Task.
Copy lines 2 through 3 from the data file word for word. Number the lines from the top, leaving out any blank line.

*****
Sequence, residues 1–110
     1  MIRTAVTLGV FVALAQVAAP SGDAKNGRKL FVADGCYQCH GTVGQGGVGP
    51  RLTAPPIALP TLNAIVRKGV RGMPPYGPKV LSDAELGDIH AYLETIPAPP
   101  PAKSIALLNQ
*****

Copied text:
     1  MIRTAVTLGV FVALAQVAAP SGDAKNGRKL FVADGCYQCH GTVGQGGVGP
    51  RLTAPPIALP TLNAIVRKGV RGMPPYGPKV LSDAELGDIH AYLETIPAPP